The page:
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How to get Exposure Compensation level from Android phone camera, via Java, when picture is taken?

Posted by: admin May 14, 2020 Leave a comment

Questions:

How to get AutoExposureCompensation level (brightness) from Android phone when the picture is taken?

I can take a picture. I can access the Parameters of the Camera, including the Exposure Compensation (always zero when I check), but I need to get the AE Compensation level at the moment the picture is taken, not before and not afterward.

Background: I want all pictures, taken at a certain time, to use the same AE Compensation level the pictures are taken. I don’t want those hundreds of adjustments to the exposure level, or the white balance, that Android cameras typically do. I want to get once, and set for all the succeeding photos, the same settings.

I have tried using “intents” for pictures, OpenCV, fragments, etc. I can’t seem to get the AE compensation setting with any of these. Here’s the latest code I’ve tried, starting with the an extended version of JavaCameraView:

import org.opencv.android.JavaCameraView;
import android.content.Context;
import android.hardware.Camera;
import android.hardware.Camera.PictureCallback;
import android.hardware.Camera.Size;
import android.util.AttributeSet;
import android.util.Log;
@SuppressWarnings("deprecation")
public class NewJavaCameraView extends JavaCameraView implements PictureCallback {

public int getExposureCompensation(){
    return mCamera.getParameters().getExposureCompensation();
}
 @SuppressWarnings("deprecation")
 public void takePicture(final String fileName) {
    Log.i(TAG, "Taking picture");
    this.mPictureFileName = fileName;

    Camera.Parameters params = mCamera.getParameters();
    int exposureComp = params.getExposureCompensation();
    mCamera.setPreviewCallback(null);

    // PictureCallback is implemented by the current class
    int otherexposureComp =this.getExposureCompensation();
    mCamera.takePicture(null, null, this);
}

 @SuppressWarnings("deprecation")
 @Override
 public void onPictureTaken(byte[] data, Camera camera) {

    Camera.Parameters params = mCamera.getParameters();
    int exposureComp = params.getExposureCompensation();
    int otherexposureComp =this.getExposureCompensation();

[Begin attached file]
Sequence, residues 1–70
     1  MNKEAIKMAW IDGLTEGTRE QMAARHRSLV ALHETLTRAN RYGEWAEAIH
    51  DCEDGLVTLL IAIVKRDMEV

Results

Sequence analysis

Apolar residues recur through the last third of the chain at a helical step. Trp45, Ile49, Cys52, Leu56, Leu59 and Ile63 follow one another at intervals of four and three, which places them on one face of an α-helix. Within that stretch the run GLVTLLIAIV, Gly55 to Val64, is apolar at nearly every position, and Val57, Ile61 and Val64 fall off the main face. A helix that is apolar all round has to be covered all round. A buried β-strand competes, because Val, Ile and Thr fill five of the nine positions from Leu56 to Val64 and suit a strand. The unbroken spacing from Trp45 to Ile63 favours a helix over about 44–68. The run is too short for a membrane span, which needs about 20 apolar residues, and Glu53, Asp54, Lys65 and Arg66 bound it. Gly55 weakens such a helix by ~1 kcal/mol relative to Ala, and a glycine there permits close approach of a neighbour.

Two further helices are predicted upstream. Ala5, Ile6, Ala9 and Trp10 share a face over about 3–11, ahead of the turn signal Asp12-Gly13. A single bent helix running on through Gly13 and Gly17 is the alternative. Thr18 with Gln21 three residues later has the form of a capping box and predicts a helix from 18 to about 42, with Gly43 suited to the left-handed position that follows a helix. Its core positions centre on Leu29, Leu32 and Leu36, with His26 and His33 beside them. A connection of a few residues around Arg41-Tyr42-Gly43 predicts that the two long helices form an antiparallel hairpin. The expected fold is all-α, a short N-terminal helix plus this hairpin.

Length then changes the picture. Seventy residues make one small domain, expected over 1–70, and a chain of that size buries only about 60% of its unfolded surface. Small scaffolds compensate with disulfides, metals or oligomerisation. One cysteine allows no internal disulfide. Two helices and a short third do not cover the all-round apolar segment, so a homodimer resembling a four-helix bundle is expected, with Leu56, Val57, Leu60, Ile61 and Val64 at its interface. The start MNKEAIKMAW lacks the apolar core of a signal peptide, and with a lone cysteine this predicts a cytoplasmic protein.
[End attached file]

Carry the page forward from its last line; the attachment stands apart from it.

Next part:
mCamera.startPreview();
    mCamera.setPreviewCallback(this);

    // Write the image in a file (in jpeg format)
    try {
        FileOutputStream fos = new FileOutputStream(mPictureFileName);

        fos.write(data);
        fos.close();

    } catch (java.io.IOException e) {
        Log.e("Picture", "photoCallback", e);
    }
}

Here’s some of the code from the Android View that’s using the abovementioned class:

public class DiscPhoto extends Activity implements CvCameraViewListener2, OnTouchListener {
 private static final String TAG = "OCVSample::Activity";
 private NewJavaCameraView mOpenCvCameraView;
 private List<Size> mResolutionList;

 private BaseLoaderCallback mLoaderCallback = new BaseLoaderCallback(this) {
    @Override
    public void onManagerConnected(int status) {
        switch (status) {
            case LoaderCallbackInterface.SUCCESS:
            {
                Log.i(TAG, "OpenCV loaded successfully");
                mOpenCvCameraView.enableView();
                mOpenCvCameraView.setOnTouchListener(DiscPhoto.this);
            } break;
            default:
            {
                super.onManagerConnected(status);
            } break;
        }
    }
};

public DiscPhoto() {
    Log.i(TAG, "Instantiated new " + this.getClass());
}

/** Called when the activity is first created. */
@Override
public void onCreate(Bundle savedInstanceState) {
    Log.i(TAG, "called onCreate");
    super.onCreate(savedInstanceState);
    getWindow().addFlags(WindowManager.LayoutParams.FLAG_KEEP_SCREEN_ON);

    setContentView(R.layout.activity_disc_photo);

    mOpenCvCameraView = (NewJavaCameraView) findViewById(R.id.discPhotoPage);
    mOpenCvCameraView.setVisibility(SurfaceView.VISIBLE);
    mOpenCvCameraView.setCvCameraViewListener(this);
}

@SuppressLint("SimpleDateFormat")
@Override
public boolean onTouch(View v, MotionEvent event) {
    Log.i(TAG,"onTouch event");
    SimpleDateFormat sdf = new SimpleDateFormat("yyyy-MM-dd_HH-mm-ss");
    String currentDateandTime = sdf.format(new Date());
    String fileName = Environment.getExternalStorageDirectory().getPath() +
            "/sample_picture_" + currentDateandTime + ".jpg";
    mOpenCvCameraView.takePicture(fileName);
    Toast.makeText(this, fileName + " saved", Toast.LENGTH_SHORT).show();
    return false;
}
How to&Answers:

I think camera2 APIs (https://developer.android.com/reference/android/hardware/camera2/CaptureRequest.html) will suffice your need.

Source: https://developer.android.com/reference/android/hardware/camera2/CaptureRequest.html#CONTROL_AE_LOCK

Since the camera device has a pipeline of in-flight requests, the
settings that get locked do not necessarily correspond to the settings
that were present in the latest capture result received from the
camera device, since additional captures and AE updates may have
occurred even before the result was sent out. If an application is
switching between automatic and manual control and wishes to eliminate
any flicker during the switch, the following procedure is recommended:

  1. Starting in auto-AE mode:
  2. Lock AE
  3. Wait for the first result to be output that has the AE locked
  4. Copy exposure settings from that result into a request, set the request to manual AE
  5. Submit the capture request, proceed to run manual AE as desired.

Also as per the description of AE mode (same source)